Nielsen: Most global, socially conscious consumers consult social media when making purchasing decisions

NEW YORK — A new survey from Nielsen is hoping to shed light on the world's socially conscious consumers, who are those that are willing to pay extra for products and services from companies that implement programs designed to give back to society.

According to the company's Global Corporate Citizenship survey — which pooled responses from more than 28,000 Internet users in 56 countries from Aug. 31, 2011 to Sept. 16, 2011 — showed that 46% of those surveyed are considered global, socially conscious consumers. Among them, nearly two-thirds (63%) are under 40 years old.

"It's clear that corporate social responsibility efforts resonate with a specific group of consumers," said Nic Covey, VP of Nielsen Cares, Nielsen's global corporate social responsibility program. "Marketers need to know who those consumers are in order to maximize the social and business return of their cause marketing efforts. This understanding allows brands to engage in social impact efforts that appeal to the right consumers with the right causes and through the right channels.

One crucial thing these consumers had in common, Nielsen said, was their increased likeliness to consult social media to help make purchase decisions (59% versus 46% of all respondents). Additionally, when it comes to brands and advertising, global, socially conscious consumers said they trusted recommendations from people they know (95%) and looked for opinions and information posted by other consumers online (76%).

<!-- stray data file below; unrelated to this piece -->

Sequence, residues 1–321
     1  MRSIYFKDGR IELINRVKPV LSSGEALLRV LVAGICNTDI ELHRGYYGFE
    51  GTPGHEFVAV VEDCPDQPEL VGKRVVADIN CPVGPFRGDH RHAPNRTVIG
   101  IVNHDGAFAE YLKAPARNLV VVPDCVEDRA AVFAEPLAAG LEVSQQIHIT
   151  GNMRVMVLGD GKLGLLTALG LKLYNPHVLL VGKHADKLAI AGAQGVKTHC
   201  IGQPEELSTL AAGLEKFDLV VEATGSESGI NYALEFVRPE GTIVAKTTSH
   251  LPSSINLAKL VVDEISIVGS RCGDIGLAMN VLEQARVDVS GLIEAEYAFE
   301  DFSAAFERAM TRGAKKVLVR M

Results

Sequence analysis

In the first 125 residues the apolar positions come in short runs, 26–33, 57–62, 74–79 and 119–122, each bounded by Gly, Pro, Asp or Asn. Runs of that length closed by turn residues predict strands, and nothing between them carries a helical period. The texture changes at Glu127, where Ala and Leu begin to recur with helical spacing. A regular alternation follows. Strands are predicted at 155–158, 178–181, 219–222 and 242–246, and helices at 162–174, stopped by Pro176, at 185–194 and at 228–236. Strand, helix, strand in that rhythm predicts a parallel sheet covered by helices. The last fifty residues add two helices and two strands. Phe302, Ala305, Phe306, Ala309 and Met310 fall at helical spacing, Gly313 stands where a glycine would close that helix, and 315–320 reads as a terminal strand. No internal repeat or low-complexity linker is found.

"In order for cause marketing efforts to affect sales, customers must first be aware of a company's efforts," Covey added. "Nielsen's information indicates that social media is a critical tool for effective cause marketing."

It is important to note, however, that the geography for this demographic reaches far and wide. Nielsen found that more than half of those in the Asia Pacific region (55%), followed by the Middle East and Africa (53%) and Latin America (49%) are more willing to pay extra for products and services from socially responsible companies than consumers in North America (35%) and Europe (32%). And among 18 causes reviewed, Nielsen found that respondents were most concerned about environmental (66%), educational (56%) and hunger causes (53%) for companies implementing programs.